I had a whole other plan for my newest blog entry but instead, I need to write this.
When I arrived at the barn at around 4pm today, Limerick was laying down in her stall, head up. The big red bell in my head began ringing.
The number of times I've seen Limerick laying down during my twelve years with her can probably be counted on one hand, and never has she laid down at this time of the day, so soon after the afternoon feeding.
I whispered to her through the stall door, lest she was truly (but unusually) sleeping and I startled her.
"Hey baby, are you okay?"
In the shadows, her head lifted and her right eye rolled towards me.
I opened the stall door. She looked at me, ears pricked. Her boyfriend, Nick, stood on the other side of the stall wall, watching us through the bars.
"Come on Limerick, let's get up. Come on," I said. She looked at me.
"Limerick, let's get up."
Finally, she sighed and shifted her forelegs to her front and rocked herself up. She stood facing the corner of the stall away from me.
Nick whinnied at me.
She isn't right!
"Come here, Lim," I said. No response.
I walked over to to her and put a hand on her silky neck. Shavings and bits of hay were tangled in her mane. The soft fuzzy hairs of her left ear were coated with dust. She had been laying flat on her side for some time before I saw her.
As I led her out the stall, another boarder was walking by.
"Hi! How's Limerick?" she said.
"I don't think she feels well, she was laying down when I arrived," I said. I could hear the worry in my words.
"Ohhh, awww," she said. She came over and put a hand on Limerick's forehead. "Poor baby!"
I took Lim's temperature and the other boarder and I both checked her vital signs. Other than a slightly elevated respiratory rate, all was normal. Just in case, I checked her front feet--no heat, no digital pulse. I didn't think it was laminitis, anyway; she was not walking in the stiff, jerky way that laminitic horses do.
The other boarder borrowed a stethoscope and smiled as she put it in her ears.
"I've never done this before!" she said. I smiled in return. But we both knew that gut sounds were vital and that anyone with functioning ears could hear them.
The woman reported that gut sounds on Limerick's left side were good, and present on the right side but a little weaker.
Another boarder at the barn is an assistant for my vet so I decided to take Lim down to the grassy strip by the paddocks to graze while we waited for her to arrive.
Lim ate half-heartedly. She took a couple bites here and there, looked up, then another couple bites. She wasn't the equine lawnmower that she normally is. When I saw the assistant's car pulling up the long asphalt driveway to the barn, I began walking back to the barn. Limerick did not protest in the least, a far cry from her usual hurried Just a few more! bites.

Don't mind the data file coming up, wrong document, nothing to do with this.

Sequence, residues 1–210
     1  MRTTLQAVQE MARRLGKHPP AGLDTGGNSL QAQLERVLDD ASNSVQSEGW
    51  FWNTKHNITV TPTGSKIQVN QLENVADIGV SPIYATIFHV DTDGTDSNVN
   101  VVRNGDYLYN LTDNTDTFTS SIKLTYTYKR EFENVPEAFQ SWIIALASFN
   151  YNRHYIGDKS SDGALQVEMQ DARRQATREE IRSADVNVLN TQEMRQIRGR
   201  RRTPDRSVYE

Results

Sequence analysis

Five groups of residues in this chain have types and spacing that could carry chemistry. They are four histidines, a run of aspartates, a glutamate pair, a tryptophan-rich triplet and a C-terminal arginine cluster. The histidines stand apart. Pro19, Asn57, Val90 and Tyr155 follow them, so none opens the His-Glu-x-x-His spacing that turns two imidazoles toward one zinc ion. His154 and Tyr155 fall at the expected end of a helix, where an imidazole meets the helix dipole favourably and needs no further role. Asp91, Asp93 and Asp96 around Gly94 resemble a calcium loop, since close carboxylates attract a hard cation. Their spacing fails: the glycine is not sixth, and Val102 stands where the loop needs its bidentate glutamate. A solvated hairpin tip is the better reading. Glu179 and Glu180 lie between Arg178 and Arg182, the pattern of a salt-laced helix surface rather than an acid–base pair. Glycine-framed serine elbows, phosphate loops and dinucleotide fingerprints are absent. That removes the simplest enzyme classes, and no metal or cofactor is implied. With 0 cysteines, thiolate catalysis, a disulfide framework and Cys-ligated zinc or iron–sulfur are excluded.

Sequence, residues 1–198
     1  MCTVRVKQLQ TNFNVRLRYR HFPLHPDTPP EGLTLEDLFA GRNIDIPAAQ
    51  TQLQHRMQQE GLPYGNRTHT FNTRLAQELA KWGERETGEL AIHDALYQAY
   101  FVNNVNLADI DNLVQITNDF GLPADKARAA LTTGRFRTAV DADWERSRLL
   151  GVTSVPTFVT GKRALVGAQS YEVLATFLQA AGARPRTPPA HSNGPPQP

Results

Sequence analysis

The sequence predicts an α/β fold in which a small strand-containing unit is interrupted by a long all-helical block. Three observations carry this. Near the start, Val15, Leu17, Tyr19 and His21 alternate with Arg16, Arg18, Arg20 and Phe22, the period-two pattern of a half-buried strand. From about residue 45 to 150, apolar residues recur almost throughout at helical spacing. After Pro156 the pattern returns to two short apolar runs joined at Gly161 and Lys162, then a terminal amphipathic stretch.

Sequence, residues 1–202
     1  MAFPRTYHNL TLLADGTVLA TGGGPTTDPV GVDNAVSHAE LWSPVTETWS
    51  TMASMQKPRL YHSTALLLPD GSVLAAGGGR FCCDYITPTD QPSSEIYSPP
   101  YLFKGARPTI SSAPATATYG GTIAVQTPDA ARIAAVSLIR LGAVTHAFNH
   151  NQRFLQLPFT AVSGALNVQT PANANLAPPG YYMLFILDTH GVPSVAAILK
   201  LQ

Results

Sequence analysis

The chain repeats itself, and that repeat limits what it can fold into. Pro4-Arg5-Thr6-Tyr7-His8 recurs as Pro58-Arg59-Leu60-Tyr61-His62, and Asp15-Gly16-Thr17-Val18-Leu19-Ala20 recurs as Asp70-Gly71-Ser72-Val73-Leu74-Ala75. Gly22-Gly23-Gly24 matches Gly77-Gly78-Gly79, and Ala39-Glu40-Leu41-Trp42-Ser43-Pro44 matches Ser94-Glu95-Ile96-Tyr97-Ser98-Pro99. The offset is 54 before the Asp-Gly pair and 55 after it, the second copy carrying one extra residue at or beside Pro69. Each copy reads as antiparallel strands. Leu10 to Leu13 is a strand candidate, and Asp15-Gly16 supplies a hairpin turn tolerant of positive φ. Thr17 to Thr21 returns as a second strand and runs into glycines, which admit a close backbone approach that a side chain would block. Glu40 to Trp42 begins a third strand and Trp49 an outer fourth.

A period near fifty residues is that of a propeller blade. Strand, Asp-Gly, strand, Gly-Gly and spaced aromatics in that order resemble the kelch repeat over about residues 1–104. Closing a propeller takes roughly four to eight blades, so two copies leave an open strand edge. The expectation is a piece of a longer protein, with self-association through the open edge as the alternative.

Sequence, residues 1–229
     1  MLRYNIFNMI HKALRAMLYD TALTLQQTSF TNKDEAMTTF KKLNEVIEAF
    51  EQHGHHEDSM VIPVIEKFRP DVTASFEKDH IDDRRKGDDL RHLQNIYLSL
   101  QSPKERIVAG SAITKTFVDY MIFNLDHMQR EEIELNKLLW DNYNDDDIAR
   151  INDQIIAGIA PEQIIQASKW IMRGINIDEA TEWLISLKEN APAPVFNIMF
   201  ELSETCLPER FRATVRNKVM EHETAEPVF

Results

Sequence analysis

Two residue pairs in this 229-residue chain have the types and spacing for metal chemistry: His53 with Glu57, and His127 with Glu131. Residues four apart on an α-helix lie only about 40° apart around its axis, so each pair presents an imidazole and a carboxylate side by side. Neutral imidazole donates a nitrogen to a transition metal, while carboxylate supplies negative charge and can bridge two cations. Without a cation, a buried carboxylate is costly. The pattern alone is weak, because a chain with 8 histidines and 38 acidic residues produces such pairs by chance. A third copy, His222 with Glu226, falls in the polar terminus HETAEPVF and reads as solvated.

The assistant could not think of anything new. Limerick looked around as we stood by. She seemed a little more interested in her surroundings.
"Maybe she feels better," I thought. "Maybe the grass did her good."
I put her back in her stall and watched. She squatted to urinate, and stayed in the squat for a good while after she was done peeing. Then she promptly laid down again. I told the assistant and we stood by the stall door, watching Lim. She closed her eyes and dozed, her ears flicking back. After a few moments, her chin dropped into the shavings and her head drooped to the left.
I waited for her to lay flat on her side. After another ten moments, her eyes went wide and she lay flat, her lips peeled up enough to expose her gums.
"I would get her up," the assistant said.
We opened the stall door.
"Come on, Limerick," we said. She ignored us. I walked into the stall and stood by her. She lifted her head up and looked at me, ears pricked, fresh shavings in her forelock. I stroked her forehead.
"Come on, baby, let's get up."
It didn't seem like she was going to get up on her own so I grabbed her halter and raised her head just a bit. She unfolded her forelegs and lifted herself up. I clipped the lead shank to her halter and led her out the stall.
We walked around the indoor arena for a while. She was quiet but would prick her ears at things I couldn't hear. I turned her loose to see what she would do and she went over to the edge of the arena and began cribbing on the railing there. I decided to put her back in her stall.
Back in the stall, she drank some water and nosed around at her hay. I had made a beet pulp/mineral oil mash ahead of time and gave her this. When I left, she was still eating it.
The assistant called the vet a while ago but we got the after-hours answering service; I'm waiting to hear back to see what the vet thinks. I'm at home to eat some dinner but I'll be going back to check on Limerick a few times tonight.